The country house, the shape of the nudes, and their light, airy movements are all direct reflections of the developments in Picasso’s work since his first meeting with Marie-Thérèse Walter in 1927. Spying her in the streets of Paris, the artist approached her. “I knew nothing—either of life or of Picasso... I had gone to do some shopping at the Galeries Lafayette, and Picasso saw me leaving the Metro. He simply took me by the arm and said, ‘I am Picasso! You and I are going to do great things together’” (quoted in Picasso and the Weeping Women (exhibition catalogue), Los Angeles County Museum of Art, Los Angeles & The Metropolitan Museum of Art, New York, 1994, p. 143). Although their relationship remained a secret for many years, her presence permeates his work from almost their first meeting onward. Captivated by her youthful, unpredictable spirit as well as by her voluptuous physique, Picasso's renderings of Marie-Thérèse are erotically charged, often showing her in the state of sleep or carefree abandon.
The beach had always been a source of inspiration for Picasso, an environment equally conducive to erotic exploration or evocations of the ancient world, and his time at the beach in his first years of involvement with Marie-Thérèse would become especially important in the genesis of his work. “A native of Andalusia who was imbued with the Mediterranean spirit and who spent almost every summer at the seaside from 1918 onward, Picasso found the bathing motif the stimuli he needed for his most revolutionary innovations and deformations of form” Christian von Holst relates (Picasso Bathers (exhibition catalogue), Staatsgalerie, Stuttgart, 2005, p. 11).
The summer of that year, following his meeting with Marie-Thérèse Walter in 1927, and the following one, spent respectively at Cannes and Dinard, were particularly productive as the clandestine presence of the young Marie-Thérèse in Picasso’s life added an erotic frisson to seaside activities and a counterpoint to his deteriorating relationship with his wife Olga. John Richardson has described how, at Dinard in July 1928: “Whenever possible, Picasso would escape from his wife’s sulks and the stifling atmosphere of their ugly rented house (the Villa des Roches in the Saint-Enogat quarter of Dinard) and make for the Plage de l’Ecluse in another part of the town. Marie-Thérèse would be playing ball with some of the children from her holiday home–a scene Picasso would repeatedly portray on the spot over the next few weeks, and from memory laced with fantasy over the next few years” (J. Richardson in Through the Eye of Picasso 1928-1934 (exhibition catalogue), William Beadleston Gallery, New York, 1985, n.p.).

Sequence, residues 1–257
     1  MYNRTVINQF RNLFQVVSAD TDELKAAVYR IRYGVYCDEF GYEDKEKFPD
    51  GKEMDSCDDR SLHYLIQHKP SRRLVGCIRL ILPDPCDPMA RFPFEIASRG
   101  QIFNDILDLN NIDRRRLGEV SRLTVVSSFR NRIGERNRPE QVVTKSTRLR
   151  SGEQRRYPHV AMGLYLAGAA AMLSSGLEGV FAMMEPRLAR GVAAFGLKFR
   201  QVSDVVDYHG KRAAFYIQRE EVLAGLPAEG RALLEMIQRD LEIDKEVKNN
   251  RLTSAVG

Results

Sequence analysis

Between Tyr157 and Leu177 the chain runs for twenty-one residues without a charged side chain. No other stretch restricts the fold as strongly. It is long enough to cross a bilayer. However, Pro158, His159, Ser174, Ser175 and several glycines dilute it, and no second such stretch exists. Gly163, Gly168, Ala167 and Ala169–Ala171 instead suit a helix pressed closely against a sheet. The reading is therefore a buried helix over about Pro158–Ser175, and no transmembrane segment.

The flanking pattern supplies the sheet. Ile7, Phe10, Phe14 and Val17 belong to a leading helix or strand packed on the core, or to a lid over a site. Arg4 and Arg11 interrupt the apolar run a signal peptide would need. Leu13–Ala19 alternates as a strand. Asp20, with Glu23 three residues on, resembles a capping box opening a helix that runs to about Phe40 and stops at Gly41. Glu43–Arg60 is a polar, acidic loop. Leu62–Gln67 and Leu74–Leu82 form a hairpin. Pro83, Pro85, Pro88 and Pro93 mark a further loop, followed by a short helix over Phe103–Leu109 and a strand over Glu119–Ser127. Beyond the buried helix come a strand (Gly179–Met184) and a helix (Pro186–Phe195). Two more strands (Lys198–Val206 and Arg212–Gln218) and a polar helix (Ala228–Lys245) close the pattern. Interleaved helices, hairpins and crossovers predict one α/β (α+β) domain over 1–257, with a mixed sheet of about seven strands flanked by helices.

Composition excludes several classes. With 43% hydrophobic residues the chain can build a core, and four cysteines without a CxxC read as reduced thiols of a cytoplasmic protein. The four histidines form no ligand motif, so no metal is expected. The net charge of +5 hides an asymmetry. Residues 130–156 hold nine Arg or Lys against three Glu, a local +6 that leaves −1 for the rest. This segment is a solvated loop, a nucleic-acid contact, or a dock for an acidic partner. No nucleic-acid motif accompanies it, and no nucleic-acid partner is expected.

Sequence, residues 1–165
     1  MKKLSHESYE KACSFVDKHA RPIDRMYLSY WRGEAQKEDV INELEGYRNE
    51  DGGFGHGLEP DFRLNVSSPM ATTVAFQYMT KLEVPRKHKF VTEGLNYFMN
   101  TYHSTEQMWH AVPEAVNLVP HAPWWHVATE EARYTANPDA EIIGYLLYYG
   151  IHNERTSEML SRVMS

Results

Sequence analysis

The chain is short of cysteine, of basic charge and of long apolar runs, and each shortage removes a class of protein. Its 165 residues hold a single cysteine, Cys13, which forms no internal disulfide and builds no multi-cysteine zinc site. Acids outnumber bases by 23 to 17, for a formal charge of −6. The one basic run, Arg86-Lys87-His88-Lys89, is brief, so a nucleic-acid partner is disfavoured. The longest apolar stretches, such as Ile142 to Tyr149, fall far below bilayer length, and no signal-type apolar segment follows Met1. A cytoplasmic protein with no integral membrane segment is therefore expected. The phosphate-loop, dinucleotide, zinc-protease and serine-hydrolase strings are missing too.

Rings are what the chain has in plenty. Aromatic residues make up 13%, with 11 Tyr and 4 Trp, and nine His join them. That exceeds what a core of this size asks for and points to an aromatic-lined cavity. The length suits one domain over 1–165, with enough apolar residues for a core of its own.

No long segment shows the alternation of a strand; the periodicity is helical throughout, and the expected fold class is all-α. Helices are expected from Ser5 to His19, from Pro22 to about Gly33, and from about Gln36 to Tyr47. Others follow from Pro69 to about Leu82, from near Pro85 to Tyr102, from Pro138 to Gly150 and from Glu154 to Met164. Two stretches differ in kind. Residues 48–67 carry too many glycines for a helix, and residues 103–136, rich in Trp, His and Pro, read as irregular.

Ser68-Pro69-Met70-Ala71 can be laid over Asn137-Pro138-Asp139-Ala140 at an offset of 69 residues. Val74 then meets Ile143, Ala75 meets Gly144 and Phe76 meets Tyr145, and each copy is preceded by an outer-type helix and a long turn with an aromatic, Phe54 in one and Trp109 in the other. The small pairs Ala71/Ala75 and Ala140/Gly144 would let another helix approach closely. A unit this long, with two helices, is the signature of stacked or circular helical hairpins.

It was during the summer of 1928 in Dinard, that Picasso would break down human form to its barest essentials, an amalgamation of shapes which echoed the curves and bones of the human body. “The female figures that populate these drawings and oil paintings are depicted in a kind of shorthand, particular emphasis being given to the erogenous parts of the body. We see them engaged in typical beach activities—playing ball, opening a bathing hut or just sprawling on a towel. The background is frequently defined by no more than a few rocky formations or horizontal lines, against which these monstrous creatures become increasingly expansive and libertine [see fig. 1]. Picasso’s exceptionally flat, almost silhouettelike treatment of the figures and objects in these pictures is especially remarkable and seems to anticipate his folded sculptures—or rather his paintings of his folded sculptures-of the fifties and early sixties… The dissociation and deformation of moving bodies these pictures depict is more expressive, more violent, and above all, more ‘significant’ than the classicistic beach paintings, even though in principle they, they are derived from the same observed motif” (ibid., pp. 73-74).